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Ernst
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Re: MUM Europe 2019: new hardware

Wed Mar 13, 2019 3:30 pm

@raystream

I guess the "new mikrotik powerline device" you mention means a simple USB charger, with the specialty that it is capable of letting through already-converted Powerline Communications (PLC) protocol data between its USB port and the 230V plug. This is the only way I could imagine this new feature which, by the way would only make sense if you already own a mAP and this additional "special" power supply (microUSB-230V) is cheaper than purchasing a standard PL7411-2nD (which already has WiFi and an Ethernet port on board).

Ultimately I believe both the mAP and the PL7411-2nD are essentially the same in terms of:
  • They share the same main board including the QCA9531/9533 SoC
  • They both have the AR7420 Powerline controller chip (which was not on the mAP's specs page) that does the actual Powerline protocol (PLC) conversion i.e. it converts and modulates 802.3 Ethernet data onto the 5V power pin
  • A 230V to 5V power supply that is compatible with the powerline protocol i.e. it lets data (already powerline protocol) through between its 5V and 230V side

- and the difference is that you can have these in one single box as a PL7411-2nD or separately as a mAP + this "special"/"supprted" USB power supply. This is my understanding based on the current info and datasheets available.
 
yogi
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Re: MUM Europe 2019: new hardware

Wed Mar 13, 2019 6:36 pm

- LHG XL HP, Gbit + SFP, Dual band High gain and output power
- Audience: Home accesspoint with meshing support, Tri-Band 802.11ac, 2x 5 GHz, 2x Ethernet, LTE model with SIM slot and CAT6 modem
Dual band LHG XL being 2,4 and 5,8 not 60GHz and 5,8 backup? That doesn't make sense?

Audience tri-band being 2x5,8 1x2,4 not actual tri-band being 3 separate frequencies 60Ghz, 2,4 and 5,8? You guys sure?
 
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chechito
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Re: MUM Europe 2019: new hardware

Thu Mar 14, 2019 5:02 am


Audience tri-band being 2x5,8 1x2,4 not actual tri-band being 3 separate frequencies 60Ghz, 2,4 and 5,8? You guys sure?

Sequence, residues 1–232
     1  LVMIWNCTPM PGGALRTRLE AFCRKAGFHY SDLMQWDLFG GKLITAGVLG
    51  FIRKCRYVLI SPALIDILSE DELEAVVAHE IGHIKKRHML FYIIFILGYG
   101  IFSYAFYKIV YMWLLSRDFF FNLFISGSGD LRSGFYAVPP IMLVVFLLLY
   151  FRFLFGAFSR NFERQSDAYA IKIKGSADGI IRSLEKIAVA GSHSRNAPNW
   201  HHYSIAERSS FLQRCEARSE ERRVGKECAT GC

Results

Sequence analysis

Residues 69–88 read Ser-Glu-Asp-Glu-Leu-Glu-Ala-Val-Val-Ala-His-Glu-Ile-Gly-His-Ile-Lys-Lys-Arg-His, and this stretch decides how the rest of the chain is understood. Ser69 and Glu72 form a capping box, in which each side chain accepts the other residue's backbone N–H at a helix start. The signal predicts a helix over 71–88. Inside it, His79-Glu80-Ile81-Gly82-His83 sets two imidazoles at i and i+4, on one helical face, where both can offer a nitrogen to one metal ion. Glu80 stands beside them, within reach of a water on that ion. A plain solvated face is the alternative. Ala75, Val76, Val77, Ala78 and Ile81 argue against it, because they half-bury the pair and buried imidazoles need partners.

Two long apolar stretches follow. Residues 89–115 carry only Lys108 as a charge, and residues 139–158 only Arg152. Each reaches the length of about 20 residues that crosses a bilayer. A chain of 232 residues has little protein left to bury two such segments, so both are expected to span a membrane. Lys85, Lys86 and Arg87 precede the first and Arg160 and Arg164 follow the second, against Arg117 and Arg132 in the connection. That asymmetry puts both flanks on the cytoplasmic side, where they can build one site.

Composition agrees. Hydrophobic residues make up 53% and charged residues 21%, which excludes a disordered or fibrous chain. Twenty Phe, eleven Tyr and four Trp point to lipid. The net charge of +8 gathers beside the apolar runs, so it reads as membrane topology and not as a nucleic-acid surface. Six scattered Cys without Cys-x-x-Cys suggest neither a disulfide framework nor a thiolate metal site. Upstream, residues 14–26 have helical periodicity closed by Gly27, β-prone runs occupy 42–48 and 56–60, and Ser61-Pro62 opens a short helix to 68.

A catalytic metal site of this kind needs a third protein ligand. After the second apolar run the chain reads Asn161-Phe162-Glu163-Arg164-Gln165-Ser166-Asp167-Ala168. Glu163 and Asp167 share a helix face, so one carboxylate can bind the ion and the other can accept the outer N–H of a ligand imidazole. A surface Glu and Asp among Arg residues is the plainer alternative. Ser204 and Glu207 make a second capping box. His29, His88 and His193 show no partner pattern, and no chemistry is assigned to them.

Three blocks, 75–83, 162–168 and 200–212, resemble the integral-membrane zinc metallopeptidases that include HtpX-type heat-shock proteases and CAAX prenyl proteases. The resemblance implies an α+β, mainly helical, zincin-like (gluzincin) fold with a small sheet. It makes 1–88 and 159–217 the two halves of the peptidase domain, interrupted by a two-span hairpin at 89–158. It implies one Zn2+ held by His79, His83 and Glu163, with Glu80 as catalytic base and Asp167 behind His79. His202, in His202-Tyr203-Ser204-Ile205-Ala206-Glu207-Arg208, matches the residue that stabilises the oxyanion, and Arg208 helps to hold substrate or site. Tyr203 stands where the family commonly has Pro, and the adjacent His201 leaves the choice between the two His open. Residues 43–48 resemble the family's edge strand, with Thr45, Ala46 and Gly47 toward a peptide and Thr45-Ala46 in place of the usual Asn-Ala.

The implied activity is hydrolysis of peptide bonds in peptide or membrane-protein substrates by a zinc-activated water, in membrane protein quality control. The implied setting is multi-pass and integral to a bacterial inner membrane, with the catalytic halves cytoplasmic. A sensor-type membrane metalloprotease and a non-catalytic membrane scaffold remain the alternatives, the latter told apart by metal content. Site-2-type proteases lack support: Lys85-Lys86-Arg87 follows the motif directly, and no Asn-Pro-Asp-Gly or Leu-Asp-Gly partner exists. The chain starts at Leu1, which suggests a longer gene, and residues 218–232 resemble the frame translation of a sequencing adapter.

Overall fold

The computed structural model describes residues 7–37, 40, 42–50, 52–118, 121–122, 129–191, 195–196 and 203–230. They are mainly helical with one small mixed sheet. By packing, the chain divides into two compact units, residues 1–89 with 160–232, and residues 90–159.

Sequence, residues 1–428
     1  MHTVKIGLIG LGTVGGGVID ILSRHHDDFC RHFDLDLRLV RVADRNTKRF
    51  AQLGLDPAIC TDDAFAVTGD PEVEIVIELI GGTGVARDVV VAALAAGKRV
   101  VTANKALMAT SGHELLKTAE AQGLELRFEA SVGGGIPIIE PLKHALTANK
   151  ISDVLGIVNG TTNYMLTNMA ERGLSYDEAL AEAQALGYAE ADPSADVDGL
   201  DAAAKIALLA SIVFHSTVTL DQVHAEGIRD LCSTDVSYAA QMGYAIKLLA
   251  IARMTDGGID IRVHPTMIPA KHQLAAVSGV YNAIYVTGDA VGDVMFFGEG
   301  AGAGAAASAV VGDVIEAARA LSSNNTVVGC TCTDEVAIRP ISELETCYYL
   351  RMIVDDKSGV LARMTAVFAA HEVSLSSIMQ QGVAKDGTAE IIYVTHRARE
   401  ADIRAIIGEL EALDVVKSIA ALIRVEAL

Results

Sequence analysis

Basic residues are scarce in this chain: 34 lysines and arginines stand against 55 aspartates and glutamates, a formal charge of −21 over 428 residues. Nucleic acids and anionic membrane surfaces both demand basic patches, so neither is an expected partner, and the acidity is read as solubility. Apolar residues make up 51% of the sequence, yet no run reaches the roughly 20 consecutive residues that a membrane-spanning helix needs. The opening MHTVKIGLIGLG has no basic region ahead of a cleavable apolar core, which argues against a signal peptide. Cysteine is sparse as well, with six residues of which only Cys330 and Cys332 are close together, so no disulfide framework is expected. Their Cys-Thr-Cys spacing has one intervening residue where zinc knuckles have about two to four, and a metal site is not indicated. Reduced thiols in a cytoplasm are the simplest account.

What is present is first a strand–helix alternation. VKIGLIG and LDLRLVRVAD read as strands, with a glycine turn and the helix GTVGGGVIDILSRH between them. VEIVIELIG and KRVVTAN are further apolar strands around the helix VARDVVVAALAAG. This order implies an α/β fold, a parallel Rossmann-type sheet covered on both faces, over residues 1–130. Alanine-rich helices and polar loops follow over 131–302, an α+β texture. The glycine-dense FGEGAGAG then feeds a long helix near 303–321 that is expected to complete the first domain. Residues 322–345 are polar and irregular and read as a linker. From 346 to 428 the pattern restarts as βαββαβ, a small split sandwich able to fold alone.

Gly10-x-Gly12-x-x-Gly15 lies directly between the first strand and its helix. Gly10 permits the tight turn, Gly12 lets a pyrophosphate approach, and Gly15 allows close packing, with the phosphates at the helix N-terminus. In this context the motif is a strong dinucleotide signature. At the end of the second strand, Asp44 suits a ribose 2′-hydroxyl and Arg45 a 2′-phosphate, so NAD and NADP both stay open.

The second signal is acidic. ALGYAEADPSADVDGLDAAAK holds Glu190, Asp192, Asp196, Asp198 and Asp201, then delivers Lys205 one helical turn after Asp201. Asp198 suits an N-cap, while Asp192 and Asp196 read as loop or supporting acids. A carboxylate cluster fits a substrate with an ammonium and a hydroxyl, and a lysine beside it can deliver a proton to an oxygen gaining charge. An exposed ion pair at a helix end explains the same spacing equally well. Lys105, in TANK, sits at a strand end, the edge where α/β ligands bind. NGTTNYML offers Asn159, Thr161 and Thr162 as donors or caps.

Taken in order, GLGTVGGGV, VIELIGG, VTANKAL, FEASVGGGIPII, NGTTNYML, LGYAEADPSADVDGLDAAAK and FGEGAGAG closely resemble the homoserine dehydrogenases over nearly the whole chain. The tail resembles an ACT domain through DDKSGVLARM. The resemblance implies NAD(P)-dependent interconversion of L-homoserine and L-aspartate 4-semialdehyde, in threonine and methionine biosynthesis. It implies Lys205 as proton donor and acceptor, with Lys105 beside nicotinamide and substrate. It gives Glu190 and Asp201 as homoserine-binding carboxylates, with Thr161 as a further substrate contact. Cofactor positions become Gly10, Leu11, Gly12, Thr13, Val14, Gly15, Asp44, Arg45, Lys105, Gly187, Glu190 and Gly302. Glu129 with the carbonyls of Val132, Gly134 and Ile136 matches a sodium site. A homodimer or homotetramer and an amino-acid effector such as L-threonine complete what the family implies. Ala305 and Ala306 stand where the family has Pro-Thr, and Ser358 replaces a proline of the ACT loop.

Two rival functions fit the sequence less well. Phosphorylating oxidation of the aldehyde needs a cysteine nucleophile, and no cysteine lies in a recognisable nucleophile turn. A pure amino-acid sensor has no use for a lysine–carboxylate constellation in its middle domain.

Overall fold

you are taking the sentence literally without taking in count context

is a common designation use the term tri band router referring to a 2 x 5ghz + 1 2.4 ghz router

for example

https://www.smallnetbuilder.com/wireles ... r-reviewed
 
yogi
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Re: MUM Europe 2019: new hardware

Thu Mar 14, 2019 10:17 am

is a common designation use the term tri band router referring to a 2 x 5ghz + 1 2.4 ghz router
Perfect thank you, just checking and exactly what we want, well once we see the price.

Anybody able to help me on the Dual band LHG XL if it is 60GHz and 5,8 as there we do not need a 2,4 and 5,8?
 
troffasky
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Re: MUM Europe 2019: new hardware

Thu Mar 14, 2019 11:47 pm

is a common designation use the term tri band router referring to a 2 x 5ghz + 1 2.4 ghz router
Just because it's common doesn't mean that it isn't idiocy. Shame that Mikrotik perpetuate this. It's like calling gigabit ethernet 2Gbps because it's 1Gbps in each direction.
 
griepert
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Re: MUM Europe 2019: new hardware

Mon Apr 08, 2019 6:30 pm

Is anybody out there who can give me a use case for "GPEN"? I cannot imagine that someone buries ethernet cables under the ground, seriously? Or has buried any ethernet cables in past? Any explanation welcome...
 
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normis
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Re: MUM Europe 2019: new hardware